Nobody Knows I'm Here Movie Review: A poignant character study elevated by Jorge Garcia's compelling performance
Gaspar Antillo's directorial debut is one of those films that makes the viewer work for the answers
There are some movie characters that make a strong impression without doing much. Sometimes the nature of a character is informed by their dialogues and their interaction with other characters. Other times, they don't have to do either. All you have to do is just stay with them and you will know what kind of people they are. Memo, the protagonist of Nobody Knows I'm Here, the first Chilean original from Netflix, is one such example.
Director: Gaspar Antillo
Cast: Jorge Garcia, Luis Gnecco, Gaston Pauls
Streaming on: Netflix
The title of the film is a reference to a song that holds a special significance for Memo (Jorge Garcia), an overweight recluse living with his uncle (Neruda-fame Luis Gnecco). The two earn their living from the wool-making business. This is not what Memo was supposed to do. He was a child prodigy whose dreams were shattered by a few selfish individuals, including his father, who abandoned him when he was little. Jorge is suitably restrained in the role. His body language conveys volumes. He plays Memo as this shy, socially-awkward man, who is more comfortable expressing his feelings to trees than people. The only person who gets him is his uncle.
Nobody Knows I'm Here boasts some of the most stunning locales ever filmed. Cinematographer Sergio Armstrong makes use of wide, panoramic frames to do justice to this infinitely photogenic place. It's the sort of serene location that a long-time city dweller would dream of settling in. One can see why this film, helmed by newcomer Gaspar Antillo, appealed to producer Pablo Larrain. The latter has explored similar themes in some of his earlier directorial features.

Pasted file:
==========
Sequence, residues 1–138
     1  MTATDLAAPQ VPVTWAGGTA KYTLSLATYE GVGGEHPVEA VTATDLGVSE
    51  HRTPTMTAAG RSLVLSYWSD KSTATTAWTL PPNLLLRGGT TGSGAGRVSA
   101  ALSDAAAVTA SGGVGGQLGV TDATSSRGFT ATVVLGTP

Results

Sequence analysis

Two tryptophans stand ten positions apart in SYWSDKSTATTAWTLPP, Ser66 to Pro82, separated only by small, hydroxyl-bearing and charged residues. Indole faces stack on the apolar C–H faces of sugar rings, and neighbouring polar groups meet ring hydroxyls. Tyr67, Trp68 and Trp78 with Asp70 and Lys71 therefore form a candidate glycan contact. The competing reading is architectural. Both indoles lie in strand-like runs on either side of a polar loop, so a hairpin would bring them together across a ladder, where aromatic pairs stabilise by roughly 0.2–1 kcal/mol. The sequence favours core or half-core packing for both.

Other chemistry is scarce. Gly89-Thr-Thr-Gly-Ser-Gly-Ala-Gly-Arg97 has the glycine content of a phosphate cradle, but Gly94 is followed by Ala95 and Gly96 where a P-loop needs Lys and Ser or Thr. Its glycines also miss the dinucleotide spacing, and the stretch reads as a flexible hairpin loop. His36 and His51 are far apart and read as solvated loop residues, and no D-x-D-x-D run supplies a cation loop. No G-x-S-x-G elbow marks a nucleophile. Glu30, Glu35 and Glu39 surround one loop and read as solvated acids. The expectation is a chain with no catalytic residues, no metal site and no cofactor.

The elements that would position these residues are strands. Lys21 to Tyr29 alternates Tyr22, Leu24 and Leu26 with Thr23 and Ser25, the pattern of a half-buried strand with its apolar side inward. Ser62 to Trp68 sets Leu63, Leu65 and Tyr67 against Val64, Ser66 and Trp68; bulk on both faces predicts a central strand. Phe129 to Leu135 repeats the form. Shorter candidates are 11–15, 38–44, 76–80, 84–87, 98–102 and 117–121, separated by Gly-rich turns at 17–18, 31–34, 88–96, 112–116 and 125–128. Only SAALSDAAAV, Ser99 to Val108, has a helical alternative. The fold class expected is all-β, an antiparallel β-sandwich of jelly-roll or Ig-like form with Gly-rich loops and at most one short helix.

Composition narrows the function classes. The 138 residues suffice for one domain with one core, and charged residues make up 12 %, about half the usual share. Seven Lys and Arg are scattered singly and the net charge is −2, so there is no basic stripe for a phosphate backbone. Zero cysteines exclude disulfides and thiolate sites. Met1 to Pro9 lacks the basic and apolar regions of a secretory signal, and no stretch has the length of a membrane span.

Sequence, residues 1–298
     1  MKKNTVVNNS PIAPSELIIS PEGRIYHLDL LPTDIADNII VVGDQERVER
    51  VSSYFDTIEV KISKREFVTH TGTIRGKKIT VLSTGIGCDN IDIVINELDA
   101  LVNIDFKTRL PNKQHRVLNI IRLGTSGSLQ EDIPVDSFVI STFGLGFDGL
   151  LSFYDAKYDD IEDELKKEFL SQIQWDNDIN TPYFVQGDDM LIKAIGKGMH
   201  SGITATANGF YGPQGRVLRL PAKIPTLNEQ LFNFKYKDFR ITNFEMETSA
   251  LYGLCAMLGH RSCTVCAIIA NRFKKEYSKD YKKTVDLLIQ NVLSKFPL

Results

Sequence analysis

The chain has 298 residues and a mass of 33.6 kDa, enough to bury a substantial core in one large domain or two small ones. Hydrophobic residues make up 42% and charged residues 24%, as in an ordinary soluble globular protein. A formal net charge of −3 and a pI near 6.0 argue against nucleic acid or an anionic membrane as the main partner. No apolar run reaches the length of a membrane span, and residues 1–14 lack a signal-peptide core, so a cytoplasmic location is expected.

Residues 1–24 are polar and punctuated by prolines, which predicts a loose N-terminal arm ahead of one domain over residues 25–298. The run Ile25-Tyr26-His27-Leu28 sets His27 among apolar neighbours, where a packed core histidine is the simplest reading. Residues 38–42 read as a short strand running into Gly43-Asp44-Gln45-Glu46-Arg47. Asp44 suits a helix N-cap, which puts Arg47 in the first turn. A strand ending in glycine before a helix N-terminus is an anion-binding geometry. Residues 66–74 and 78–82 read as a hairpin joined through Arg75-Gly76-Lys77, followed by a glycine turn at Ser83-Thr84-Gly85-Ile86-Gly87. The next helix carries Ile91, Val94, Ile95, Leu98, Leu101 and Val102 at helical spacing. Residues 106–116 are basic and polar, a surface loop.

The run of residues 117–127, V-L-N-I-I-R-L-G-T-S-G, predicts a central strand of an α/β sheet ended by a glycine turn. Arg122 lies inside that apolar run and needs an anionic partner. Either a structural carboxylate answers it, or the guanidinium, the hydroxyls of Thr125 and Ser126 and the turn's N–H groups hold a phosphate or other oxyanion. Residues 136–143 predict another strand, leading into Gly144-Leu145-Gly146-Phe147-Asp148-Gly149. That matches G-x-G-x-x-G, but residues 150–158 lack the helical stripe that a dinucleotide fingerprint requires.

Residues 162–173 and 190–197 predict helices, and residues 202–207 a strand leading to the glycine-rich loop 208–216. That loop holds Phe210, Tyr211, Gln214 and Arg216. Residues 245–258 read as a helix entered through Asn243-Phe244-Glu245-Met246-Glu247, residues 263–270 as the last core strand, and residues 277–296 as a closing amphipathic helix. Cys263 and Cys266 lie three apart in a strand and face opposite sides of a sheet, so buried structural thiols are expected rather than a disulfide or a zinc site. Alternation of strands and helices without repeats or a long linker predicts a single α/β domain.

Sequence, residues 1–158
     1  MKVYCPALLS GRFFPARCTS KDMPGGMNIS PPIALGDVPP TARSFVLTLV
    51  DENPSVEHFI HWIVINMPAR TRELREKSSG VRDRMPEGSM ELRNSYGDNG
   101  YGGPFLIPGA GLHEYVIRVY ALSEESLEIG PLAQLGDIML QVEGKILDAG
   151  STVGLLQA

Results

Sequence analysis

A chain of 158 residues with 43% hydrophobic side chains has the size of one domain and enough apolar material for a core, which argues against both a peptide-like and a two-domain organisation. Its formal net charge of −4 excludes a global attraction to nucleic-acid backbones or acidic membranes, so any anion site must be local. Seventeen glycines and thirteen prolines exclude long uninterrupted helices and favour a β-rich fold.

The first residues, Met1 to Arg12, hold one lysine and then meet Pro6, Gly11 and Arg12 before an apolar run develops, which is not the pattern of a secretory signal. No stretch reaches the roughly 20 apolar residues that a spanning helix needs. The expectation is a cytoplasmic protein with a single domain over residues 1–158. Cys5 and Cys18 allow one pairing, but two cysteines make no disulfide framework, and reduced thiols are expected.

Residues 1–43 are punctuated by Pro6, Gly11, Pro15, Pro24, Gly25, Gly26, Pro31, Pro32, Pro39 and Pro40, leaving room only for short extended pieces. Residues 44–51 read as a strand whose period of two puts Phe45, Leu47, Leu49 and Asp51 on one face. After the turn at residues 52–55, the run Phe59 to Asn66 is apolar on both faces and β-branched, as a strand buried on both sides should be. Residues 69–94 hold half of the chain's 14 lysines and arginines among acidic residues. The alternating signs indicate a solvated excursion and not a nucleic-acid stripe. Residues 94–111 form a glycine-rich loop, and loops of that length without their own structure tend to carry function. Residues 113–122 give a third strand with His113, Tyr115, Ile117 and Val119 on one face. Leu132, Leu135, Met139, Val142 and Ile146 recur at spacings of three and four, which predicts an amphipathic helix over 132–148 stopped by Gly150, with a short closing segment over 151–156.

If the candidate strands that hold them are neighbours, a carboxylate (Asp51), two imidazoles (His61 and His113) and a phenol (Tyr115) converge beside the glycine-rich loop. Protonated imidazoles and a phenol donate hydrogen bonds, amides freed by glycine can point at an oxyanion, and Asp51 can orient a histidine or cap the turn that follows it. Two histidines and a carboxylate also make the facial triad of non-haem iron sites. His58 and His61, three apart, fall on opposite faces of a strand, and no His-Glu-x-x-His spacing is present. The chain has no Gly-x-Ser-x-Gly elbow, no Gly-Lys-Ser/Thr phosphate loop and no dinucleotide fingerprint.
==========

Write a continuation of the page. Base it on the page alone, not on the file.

I was initially under the impression that this was a rags-to-riches tale, but thankfully, it does something fresh and inventive. It's a film that becomes pertinent in this age of internet celebrities. It's about the price one has to pay for chasing fame and the conflict between one's appearance and talent. The world is sometimes unfair to talented folks who don't have media-friendly looks. But when they suddenly go viral for some odd reason, everyone wants to take advantage of them. Memo is not a sympathy-seeking character despite being tormented by painful memories of a childhood incident involving a fake child prodigy named Angelo; the man who ruined his dreams and now makes his living as a motivational speaker. Memo's unpredictable quality is what elevates the film.
This is one of those films that makes the viewer work for the answers. It is neither interested in spoon-feeding nor melodramatic outbursts. Since Memo likes to fantasise often, some of the imagery is quite surreal. In one scene, Memo pukes what can only be described as 'glitter fluid'. The film's final moments, in which Memo is allowed a short moment of glory, is likely a subtle nod to the final shot of Martin Scorsese's Taxi Driver. This is visual storytelling at its finest.